After his first Cabinet-level meeting with a Mideast partner since Tuesday's accord, Secretary of State John Kerry said the U.S. and its Arab partners in the Persian Gulf were "committed to working together to push back against any extremist enterprises, including the activities of Iran in the region." But his Saudi Arabian counterpart, Foreign Minister Adel al-Jubeir, stopped short of endorsing the nuclear accord and said his country still has questions.
The landmark deal, struck between Iran and six world powers after an 18-day negotiation in Vienna, curbs Iran's nuclear program for a decade, in exchange for potentially hundreds of billions of dollars' worth of relief from international sanctions. Many key penalties on the Iranian economy, such as those related to the energy and financial sectors, could be lifted by the end of the year.
Iran's regional rivals, such as Israel and the Gulf's Sunni monarchies, are as much concerned by the economic windfall awaiting Tehran as they are by its retention of significant nuclear infrastructure.
Defense Secretary Ash Carter travels to Israel this weekend with the aim of reinforcing the administration's message that it is fully committed to ensuring Israel's military edge over its neighbors. He'll then travel on to Saudi Arabia.
Kerry said he will follow up Carter's trip with a stop in Doha, Qatar, on Aug. 3 to brief the Gulf Cooperation Council on the agreement and answer questions, continuing an effort that has been going on for months and included a Camp David summit of Arab leaders in May.
Sitting next to him, al-Jubeir spoke cautiously. His country, in particular, is concerned Iran will use its newfound wealth to increase support for Syrian President Bashar Assad's government, Yemen's Houthi rebels, the Lebanese militant group Hezbollah and other forces it sees as destabilizing to the Middle East.
"We hope that the Iranians will use this deal in order to improve the economic situation in Iran and to improve the lot of the Iranian people and not use it for adventures in the region," al-Jubeir said. He added: "If Iran should try to cause unrest in the region, we are committed to confront it resolutely."
Al-Jubeir told reporters his entire region wants a nuclear agreement that prevents Iran from reaching nuclear weapons capability, includes a "robust and continuous inspections regime" and allows sanctions to quickly come back into force if the Iranians are caught cheating.
The Obama administration contends the deal satisfies all those conditions, but al-Jubeir said the Saudis are still studying the package and would be exchanging ideas with the Americans in the future. He also seemed to express some doubt about whether it would ever fully be realized, adding the caveat: "if a deal is implemented."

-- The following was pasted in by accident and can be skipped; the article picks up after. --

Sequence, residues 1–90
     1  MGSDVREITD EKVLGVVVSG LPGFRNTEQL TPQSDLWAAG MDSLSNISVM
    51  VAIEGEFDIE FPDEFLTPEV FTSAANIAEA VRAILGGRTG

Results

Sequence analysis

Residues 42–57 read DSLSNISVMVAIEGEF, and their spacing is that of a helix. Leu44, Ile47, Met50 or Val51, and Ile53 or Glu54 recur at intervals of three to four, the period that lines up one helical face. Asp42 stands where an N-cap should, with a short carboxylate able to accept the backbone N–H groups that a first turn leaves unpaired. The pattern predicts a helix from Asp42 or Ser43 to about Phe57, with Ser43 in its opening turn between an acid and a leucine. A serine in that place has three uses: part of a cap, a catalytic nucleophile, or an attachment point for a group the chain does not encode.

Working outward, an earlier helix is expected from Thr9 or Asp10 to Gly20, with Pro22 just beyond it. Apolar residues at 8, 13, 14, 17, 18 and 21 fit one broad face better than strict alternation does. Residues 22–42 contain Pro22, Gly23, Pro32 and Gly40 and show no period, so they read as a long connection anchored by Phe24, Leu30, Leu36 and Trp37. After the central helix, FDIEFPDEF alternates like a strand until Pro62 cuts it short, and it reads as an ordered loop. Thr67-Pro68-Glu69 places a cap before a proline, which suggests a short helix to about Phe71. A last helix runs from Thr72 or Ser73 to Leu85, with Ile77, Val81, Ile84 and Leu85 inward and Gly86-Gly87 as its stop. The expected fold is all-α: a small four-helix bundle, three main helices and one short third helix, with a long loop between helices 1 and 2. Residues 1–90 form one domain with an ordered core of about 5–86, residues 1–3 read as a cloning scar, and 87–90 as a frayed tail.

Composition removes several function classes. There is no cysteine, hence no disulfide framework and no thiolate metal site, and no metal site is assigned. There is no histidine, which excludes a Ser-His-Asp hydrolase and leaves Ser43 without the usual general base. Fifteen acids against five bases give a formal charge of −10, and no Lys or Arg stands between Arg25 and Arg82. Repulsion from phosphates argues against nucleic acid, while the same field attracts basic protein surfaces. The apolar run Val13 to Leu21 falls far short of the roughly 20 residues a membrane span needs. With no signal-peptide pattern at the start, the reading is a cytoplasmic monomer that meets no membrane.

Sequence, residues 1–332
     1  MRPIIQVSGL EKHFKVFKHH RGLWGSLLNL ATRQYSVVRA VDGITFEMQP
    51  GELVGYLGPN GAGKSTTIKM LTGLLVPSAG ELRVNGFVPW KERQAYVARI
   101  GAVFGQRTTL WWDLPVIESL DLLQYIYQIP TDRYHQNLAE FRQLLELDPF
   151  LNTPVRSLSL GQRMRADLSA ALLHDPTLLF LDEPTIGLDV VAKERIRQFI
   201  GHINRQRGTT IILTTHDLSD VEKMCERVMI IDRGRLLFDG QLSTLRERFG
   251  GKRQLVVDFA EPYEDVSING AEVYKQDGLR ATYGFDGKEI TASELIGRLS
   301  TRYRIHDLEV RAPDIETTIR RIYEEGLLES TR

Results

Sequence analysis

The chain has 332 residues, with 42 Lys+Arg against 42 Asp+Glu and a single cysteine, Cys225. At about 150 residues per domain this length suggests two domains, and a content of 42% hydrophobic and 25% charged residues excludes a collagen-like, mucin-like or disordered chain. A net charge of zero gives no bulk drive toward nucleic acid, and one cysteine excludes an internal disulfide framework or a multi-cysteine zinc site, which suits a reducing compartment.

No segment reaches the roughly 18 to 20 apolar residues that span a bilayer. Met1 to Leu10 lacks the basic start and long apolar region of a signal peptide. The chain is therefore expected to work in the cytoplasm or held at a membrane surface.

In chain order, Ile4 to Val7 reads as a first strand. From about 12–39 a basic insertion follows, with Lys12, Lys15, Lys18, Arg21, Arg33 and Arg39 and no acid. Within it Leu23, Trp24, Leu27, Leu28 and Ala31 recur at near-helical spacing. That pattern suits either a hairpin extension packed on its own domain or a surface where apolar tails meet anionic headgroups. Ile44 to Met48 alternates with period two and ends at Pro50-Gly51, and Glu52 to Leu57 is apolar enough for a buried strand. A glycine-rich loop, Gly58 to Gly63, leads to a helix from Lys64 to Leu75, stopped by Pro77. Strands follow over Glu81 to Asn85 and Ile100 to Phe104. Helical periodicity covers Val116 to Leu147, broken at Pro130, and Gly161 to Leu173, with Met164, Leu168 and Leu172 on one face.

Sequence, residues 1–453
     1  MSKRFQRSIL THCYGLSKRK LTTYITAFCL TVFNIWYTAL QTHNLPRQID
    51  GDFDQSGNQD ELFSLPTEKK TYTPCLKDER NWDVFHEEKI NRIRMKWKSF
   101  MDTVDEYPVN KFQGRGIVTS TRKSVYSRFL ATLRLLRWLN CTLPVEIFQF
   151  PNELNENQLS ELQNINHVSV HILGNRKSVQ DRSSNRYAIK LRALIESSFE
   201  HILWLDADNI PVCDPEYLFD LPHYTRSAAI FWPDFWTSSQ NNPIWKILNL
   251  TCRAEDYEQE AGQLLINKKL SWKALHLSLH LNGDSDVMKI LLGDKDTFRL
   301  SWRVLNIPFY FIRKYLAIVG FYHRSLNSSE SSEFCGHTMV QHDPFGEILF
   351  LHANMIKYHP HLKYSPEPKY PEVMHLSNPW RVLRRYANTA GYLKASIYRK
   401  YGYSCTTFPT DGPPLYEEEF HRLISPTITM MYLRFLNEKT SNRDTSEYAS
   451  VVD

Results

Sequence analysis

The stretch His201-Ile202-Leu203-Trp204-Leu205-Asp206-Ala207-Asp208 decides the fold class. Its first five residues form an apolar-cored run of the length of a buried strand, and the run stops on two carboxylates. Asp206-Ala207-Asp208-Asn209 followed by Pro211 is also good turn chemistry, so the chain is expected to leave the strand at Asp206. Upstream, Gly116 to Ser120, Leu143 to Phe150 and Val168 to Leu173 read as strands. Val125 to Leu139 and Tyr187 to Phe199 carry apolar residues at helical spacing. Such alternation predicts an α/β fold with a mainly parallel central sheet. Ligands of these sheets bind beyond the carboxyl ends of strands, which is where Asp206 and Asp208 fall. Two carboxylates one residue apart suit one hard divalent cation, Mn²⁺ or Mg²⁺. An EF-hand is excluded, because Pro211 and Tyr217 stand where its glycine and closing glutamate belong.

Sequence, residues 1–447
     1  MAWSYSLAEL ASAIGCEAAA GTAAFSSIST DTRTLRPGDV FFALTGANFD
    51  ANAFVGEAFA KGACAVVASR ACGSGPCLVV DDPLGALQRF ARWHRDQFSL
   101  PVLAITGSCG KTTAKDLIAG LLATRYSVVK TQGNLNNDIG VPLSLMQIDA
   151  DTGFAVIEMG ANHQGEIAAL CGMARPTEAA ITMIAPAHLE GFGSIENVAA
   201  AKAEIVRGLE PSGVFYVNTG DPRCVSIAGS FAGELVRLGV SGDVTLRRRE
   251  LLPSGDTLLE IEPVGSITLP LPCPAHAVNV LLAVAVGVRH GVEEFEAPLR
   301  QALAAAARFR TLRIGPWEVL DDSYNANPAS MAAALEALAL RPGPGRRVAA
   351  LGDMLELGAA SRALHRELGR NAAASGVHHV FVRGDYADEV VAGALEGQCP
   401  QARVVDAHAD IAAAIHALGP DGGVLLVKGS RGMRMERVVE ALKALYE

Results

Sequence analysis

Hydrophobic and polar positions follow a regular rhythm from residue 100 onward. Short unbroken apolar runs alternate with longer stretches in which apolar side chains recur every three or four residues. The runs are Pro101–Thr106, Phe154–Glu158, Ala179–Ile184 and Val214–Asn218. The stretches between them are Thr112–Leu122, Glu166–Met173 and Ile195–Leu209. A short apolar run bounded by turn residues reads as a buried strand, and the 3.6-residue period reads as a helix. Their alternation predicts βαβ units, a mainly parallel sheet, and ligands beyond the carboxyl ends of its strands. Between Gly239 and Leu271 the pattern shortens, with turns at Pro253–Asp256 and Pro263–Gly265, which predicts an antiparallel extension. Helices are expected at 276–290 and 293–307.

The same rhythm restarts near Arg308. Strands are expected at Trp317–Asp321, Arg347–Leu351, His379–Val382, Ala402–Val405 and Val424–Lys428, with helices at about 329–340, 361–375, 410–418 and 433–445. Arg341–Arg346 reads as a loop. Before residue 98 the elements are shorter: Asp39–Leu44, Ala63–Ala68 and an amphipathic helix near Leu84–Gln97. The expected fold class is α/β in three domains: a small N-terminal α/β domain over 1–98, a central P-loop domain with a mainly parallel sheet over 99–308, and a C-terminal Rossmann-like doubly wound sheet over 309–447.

The meeting at the State Department took place as the President Barack Obama ramped up efforts to sell the nuclear accord at home. Vice President Joe Biden was meeting Thursday with members of the Senate Foreign Relations Committee and Deputy National Security Adviser Ben Rhodes hosted Jewish House Democrats at the White House.
Top Republican lawmakers are united in opposition, saying the deal imperils the security of Israel and places an undue burden of trust on an Iranian government that has repeatedly broken its word on the nuclear program over the years. Many Democrats are skeptical about allowing Iran to maintain much of its nuclear infrastructure and easing sanctions so quickly, but few have come out publicly against Obama.
"I'm very optimistic about our ability to support the president" on the agreement, House Democratic leader Nancy Pelosi said Thursday.
On his trip, Carter will discuss ways to improve Israel's defenses but isn't necessarily offering any specific weapons deal, according to officials familiar with his plans. They weren't authorized to speak publicly on the matter and demanded anonymity.
The U.S. and Israel have cooperated for years on a wide range of weapons, including the anti-rocket Iron Dome system. They've recently discussed extending partnerships into cyberdefense, maritime security and countering the military use of tunnels, such as those dug by Hamas from the Gaza Strip.
Israeli officials also say they aren't interested in any form of "compensation" for the nuclear accord, which Prime Minister Benjamin Netanyahu opposes. Obama spoke to Netanyahu by telephone shortly after the nuclear pact's announcement Tuesday, though the Israeli leader has in no way tempered his fiery criticism.
But increased cooperation could still be on the cards.
The two countries have been holding talks on renewing a 10-year defense pact that is set to expire in 2017. Under the current deal, Israel receives about $3 billion in military aid from the U.S. each year.
That amount is likely to increase at sine point, and the Israel already has received approval to buy V-22 Osprey airplane-helicopter hybrid used in transport and rescue missions. Israeli defense officials also are interested in long-range missiles and electronic warfare devices, according to people familiar with the matter, speaking on condition of anonymity because they were discussing a secret security issue.